In today’s day and age, technology is all around us. With technological advancements coming at an exponential rate, the conversation surrounding tech has also advanced. Specifically, artificial intelligence (AI) is something that many people have opinions on.
In “The Creator,” audiences experience a deeply emotional and complex version of AI and its future. Taking place in 2070, this film depicts a dystopian world where Americans hunt down AI in order to prevent human extinction. All the while, AI seeks freedom from the human race, displaying seemingly real human emotions and blurring the line between human and machine.
Distributed by 20th Century Studios, “The Creator” was directed by Gareth Edwards, who also directed “Rogue One: A Star Wars Story” and “Star Wars: The Last Jedi.” In retrospect, there are several instances in this film that seem reminiscent of the Star Wars franchise.
The plot follows a man named Joshua, played by John David Washington, and his journey through the world with the super-weapon of AI technology… a little girl (played by Madeleine Yuna Voyles).
With excellent acting, writing and music, this film took me by surprise. I am not usually a lover of action or sci-fi, but I was very intrigued by this story. Throughout the film, the director and writers were cleverly able to incorporate humor, and I really enjoyed that aspect (especially the monkey business).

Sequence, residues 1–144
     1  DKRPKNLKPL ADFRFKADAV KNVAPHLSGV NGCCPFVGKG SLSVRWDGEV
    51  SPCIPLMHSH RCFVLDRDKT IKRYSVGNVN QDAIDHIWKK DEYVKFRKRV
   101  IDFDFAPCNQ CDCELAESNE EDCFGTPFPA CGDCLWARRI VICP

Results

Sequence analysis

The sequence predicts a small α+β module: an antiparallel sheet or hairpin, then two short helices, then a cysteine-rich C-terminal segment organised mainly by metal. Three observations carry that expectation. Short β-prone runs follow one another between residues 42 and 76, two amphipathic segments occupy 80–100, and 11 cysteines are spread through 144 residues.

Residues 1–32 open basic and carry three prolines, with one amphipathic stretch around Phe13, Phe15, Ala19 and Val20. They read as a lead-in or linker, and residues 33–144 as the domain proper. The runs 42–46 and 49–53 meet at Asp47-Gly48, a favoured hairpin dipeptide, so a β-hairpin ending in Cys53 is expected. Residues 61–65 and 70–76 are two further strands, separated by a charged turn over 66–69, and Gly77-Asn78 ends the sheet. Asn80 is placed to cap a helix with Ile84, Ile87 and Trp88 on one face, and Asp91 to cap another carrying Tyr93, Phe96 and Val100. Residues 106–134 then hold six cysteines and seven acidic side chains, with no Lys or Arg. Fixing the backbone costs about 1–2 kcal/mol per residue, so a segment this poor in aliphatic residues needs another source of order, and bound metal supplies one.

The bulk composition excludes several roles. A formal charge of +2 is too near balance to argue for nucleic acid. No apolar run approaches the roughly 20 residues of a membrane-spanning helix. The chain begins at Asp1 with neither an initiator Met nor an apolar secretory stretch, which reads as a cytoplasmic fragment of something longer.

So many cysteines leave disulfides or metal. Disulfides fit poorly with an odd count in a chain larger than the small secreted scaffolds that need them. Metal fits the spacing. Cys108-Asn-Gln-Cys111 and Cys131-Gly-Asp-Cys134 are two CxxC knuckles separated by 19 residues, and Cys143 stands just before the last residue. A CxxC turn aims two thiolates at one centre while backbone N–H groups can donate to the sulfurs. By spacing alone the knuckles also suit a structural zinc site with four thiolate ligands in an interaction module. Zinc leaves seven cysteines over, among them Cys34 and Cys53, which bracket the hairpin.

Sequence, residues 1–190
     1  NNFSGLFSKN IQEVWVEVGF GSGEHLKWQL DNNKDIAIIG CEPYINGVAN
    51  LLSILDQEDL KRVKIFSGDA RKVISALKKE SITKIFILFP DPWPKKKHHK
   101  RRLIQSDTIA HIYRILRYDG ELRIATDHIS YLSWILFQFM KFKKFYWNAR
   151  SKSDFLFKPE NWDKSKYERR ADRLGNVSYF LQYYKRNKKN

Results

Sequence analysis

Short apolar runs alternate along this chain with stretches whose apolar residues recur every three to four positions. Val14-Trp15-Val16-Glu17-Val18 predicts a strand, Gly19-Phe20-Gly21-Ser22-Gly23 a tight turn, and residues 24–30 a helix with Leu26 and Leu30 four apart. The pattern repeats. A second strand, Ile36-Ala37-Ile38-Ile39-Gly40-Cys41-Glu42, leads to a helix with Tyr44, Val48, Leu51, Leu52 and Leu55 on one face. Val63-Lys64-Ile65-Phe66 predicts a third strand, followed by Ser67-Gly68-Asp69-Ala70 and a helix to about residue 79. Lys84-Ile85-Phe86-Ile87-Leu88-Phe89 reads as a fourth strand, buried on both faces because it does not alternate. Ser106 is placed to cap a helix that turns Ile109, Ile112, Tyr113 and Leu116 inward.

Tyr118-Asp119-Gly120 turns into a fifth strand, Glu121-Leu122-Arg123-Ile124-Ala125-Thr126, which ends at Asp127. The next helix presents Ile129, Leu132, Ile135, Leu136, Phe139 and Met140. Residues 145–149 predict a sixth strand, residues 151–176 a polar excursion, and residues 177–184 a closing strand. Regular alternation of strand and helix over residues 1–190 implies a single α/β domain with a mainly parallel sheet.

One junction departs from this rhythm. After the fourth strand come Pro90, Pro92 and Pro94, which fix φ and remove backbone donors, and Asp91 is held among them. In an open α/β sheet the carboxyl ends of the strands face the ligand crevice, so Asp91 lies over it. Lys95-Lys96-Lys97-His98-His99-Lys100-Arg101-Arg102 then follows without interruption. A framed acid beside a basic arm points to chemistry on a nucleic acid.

In addition to leaving no plot point unanswered, “The Creator” made me emotional by the sheer inner turmoil that I developed from different characters. I had no idea I could become so attached to a little robot girl named “Alfie” in a film.
On Rotten Tomatoes, “The Creator” scored a 67% Tomatometer score and a 75% audience score as of Sept. 30. The score could be much worse, but I think this film deserves higher scores. My verdict: four and a half stars out of five.
When planning this review, I wanted to speak to a true professional in the field of AI to better explain the film. When asked for its review of the film, ChatGPT offered:
“Thoughtful, visually stunning, and emotionally resonant, ‘The Creator’ invites audiences to ponder the implications of playing god in a world where technology and humanity converge.”